The Arguments

I’m reading N.T. Wright’s “The Last Word: Beyond the Bible Wars to a New Understanding of the Authority of Scripture” right now. A wonderful book.
You know, it can be fairly easy to go through the few and various verses that are used to condemn all forms of same-sex relationship and present a rational and faithful interpretation that does not come to the same conclusion, to the point where the thread used to tie them all together to sustain the traditional condemnation of all forms of same-sex relationship is frayed beyond its ability to hold up such an interpretation.
For example, one of the favorite arguments used to support the use of the Leviticus condemnation is that while the ceremonial and dietary laws are put aside for Christians, the moral law is not. N.T. Wright decimates that argument (that we Christians are somehow still under this part of the Levitical Code – at least the part that seems to speak to homosexuality) from pages 54-58. I’ve often wondered how anyone can read Galatians and Hebrews and still make the argument that Leviticus 18:22; 20:13 is binding for Christians today.

New Identity

It is difficult attempting to live into my new identity when I am surrounded by my old one. It is hard to realize the coming completion of a long process when the current situation does not encourage its realization.
I remember a movie I saw a few years ago. I don’t remember the title, but it was about the final few Carolingian monks and their fight against evil (or some such thing). There was a scene where the protagonist Carolingian priest was fighting against his attraction to a women and the temptation to stray from his vows. While talking to his mentor about what he should do, the mentor asked him, “Are you a man?” His response was something like, “I am not a man; I am a priest.”
There is an element of truth or reality in that kind of response. Over the last several years, I have gone through a process that has set me aside for a purpose that is fundamentally different than that of most people. Not that I am any better or more enabled or whatever than anyone else in this new identity or purpose, but it is different. It is difficult to really feel the reality of it all when I am not doing the work – much, anyway. It is frustrating. What does it mean to say, “I am not a man; I am a priest!”?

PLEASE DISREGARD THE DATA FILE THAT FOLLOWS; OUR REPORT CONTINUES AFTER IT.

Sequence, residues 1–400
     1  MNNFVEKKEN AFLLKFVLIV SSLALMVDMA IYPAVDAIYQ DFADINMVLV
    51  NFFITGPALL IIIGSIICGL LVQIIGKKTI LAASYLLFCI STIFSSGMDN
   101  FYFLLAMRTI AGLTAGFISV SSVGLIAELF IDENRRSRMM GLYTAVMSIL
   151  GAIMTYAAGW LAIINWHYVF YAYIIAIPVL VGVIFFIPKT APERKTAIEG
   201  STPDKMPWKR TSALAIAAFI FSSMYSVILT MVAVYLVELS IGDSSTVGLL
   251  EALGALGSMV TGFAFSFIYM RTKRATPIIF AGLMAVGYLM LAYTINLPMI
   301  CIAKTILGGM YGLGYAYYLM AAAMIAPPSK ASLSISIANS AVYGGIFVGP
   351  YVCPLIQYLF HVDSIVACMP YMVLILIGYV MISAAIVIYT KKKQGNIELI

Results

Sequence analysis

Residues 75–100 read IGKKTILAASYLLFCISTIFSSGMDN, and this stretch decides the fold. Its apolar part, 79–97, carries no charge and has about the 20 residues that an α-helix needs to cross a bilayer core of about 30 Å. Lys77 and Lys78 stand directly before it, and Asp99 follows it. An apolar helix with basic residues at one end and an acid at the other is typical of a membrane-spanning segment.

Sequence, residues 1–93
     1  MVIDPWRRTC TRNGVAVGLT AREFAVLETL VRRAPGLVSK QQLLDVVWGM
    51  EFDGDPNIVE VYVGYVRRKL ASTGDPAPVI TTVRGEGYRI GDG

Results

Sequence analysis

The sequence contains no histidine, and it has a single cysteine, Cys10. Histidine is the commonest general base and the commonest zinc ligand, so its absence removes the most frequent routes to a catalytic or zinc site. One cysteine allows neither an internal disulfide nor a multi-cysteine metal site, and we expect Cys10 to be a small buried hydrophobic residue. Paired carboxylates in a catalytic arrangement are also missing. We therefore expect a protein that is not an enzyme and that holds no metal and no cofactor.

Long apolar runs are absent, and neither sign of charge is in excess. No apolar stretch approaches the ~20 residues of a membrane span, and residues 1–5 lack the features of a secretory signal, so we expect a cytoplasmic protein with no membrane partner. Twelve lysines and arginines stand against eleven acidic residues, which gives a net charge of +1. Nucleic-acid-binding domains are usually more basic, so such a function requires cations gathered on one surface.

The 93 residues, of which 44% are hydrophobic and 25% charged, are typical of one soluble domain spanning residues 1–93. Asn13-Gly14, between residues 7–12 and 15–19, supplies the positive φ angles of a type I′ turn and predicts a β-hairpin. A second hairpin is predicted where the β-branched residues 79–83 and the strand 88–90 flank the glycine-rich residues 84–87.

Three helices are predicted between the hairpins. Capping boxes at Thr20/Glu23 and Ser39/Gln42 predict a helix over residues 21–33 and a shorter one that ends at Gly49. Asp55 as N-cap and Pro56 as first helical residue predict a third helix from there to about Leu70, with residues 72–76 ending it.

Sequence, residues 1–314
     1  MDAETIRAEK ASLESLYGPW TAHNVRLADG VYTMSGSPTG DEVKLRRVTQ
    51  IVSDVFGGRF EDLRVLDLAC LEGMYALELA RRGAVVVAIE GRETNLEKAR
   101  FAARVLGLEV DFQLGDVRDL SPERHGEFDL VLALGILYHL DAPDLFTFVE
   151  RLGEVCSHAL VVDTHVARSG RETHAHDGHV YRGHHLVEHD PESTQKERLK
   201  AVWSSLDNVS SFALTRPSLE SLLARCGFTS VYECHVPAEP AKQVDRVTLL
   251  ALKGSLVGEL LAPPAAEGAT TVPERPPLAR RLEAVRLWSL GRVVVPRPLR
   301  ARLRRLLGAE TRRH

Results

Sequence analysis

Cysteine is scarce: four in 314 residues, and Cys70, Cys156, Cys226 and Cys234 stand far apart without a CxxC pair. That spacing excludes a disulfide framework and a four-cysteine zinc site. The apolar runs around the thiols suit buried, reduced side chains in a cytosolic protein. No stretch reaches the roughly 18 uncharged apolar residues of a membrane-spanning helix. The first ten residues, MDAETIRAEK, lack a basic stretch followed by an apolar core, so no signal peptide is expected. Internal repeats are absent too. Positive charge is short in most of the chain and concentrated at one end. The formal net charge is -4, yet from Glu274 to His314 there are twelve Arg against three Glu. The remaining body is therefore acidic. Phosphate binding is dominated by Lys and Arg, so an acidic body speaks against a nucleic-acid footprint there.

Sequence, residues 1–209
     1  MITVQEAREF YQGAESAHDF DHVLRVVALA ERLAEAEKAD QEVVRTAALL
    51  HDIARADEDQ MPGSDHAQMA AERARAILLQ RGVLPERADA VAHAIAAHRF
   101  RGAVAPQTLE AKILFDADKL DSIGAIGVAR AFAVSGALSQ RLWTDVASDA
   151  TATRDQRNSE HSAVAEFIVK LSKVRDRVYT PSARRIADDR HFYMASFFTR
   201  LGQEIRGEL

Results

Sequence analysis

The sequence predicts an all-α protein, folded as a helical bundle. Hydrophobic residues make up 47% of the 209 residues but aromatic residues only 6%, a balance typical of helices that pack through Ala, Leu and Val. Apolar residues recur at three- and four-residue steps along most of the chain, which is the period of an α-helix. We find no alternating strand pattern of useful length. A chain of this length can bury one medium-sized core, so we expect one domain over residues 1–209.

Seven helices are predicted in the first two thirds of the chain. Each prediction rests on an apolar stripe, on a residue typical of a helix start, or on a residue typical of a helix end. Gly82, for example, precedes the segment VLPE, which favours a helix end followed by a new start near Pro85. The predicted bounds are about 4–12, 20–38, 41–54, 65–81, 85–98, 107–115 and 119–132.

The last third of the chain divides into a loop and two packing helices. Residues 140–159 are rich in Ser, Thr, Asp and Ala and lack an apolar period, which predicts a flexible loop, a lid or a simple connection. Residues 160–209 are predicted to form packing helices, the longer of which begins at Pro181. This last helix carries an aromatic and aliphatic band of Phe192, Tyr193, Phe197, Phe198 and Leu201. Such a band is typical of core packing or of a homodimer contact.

What is Communion?

Some important theological work is going on by The Inter-Anglican Theological and Doctrinal Commission (IATDC) concerning communion – what it means, how we abide within it, etc. I have heard it often said the Anglicanism presents no unique theological perspectives to world Christianity. I don’t think I agree with that, although perhaps our contribution is the way we approach the issues rather than making declarative statements pertaining to the issues.
Some of the work being done now, however, shows great potential for an Anglican contribution to world Christianity’s understanding of issues pertaining to communion.
There are four Key Questions presented by the commission:

Following the publication of The Virginia Report in 1997, the Inter-Anglican Theological and Doctrinal Commission has been charged to study “The nature, basis and sustaining of communion in the Church, with particular reference to the Anglican Communion”. Four questions have been identified which appear to underlie this issue:
1. When we speak of the Anglican Communion, what do we mean by the word “communion”?
2. What is it that makes some disputes so crucial that failure to resolve them threatens a break in communion?
3. In what ways are Christian teachings about moral behavior integral to the maintenance of communion?
4. In answering these questions we shall be asking how far does the Virginia Report meet the relevant situations that have arisen in the Anglican Communion since its publication?

There are six Propositions that they offer for consideration. These are more detailed and well worth a read-through if these issues are of interest.

A Nation of Addicts

This is an interesting article. Whether everything said is real and true, the idea that we truly are a nation of addicts is, IMHO.
Here is the article from MarketWatch:
Oil? America’s addicted to everything!
And our denial is sabotaging the economy and markets

By Paul B. Farrell, MarketWatch
Last Update: 1:43 PM ET Feb 14, 2006
ARROYO GRANDE, Calif. (MarketWatch) — Addicted to oil? Just oil? You’re joking? No, we’re a “nation of addicts,” doing what addicts do best: Denying reality.
In denial the brain can rationalize anything. The more self-destructive an addict’s behavior, the stronger their denial, louder their protests, arrogance, bravado, even optimism: “I’m fine, everything’s under control!”
So when a Texas oilman admits 295 million Americans are addicted to oil, as President Bush did in his State of the Union address, that’s historic!
I’ve worked professionally with people in and out of recovery; politicians, doctors, celebrities, rock stars, pro athletes and royalty, some in the Middle East, many from the Betty Ford Center. Addicts will do anything to get the next fix or drink, oblivious of the destruction around them. They create living hells, losing health, family, kids, careers, wealth, and most of all, their freedom.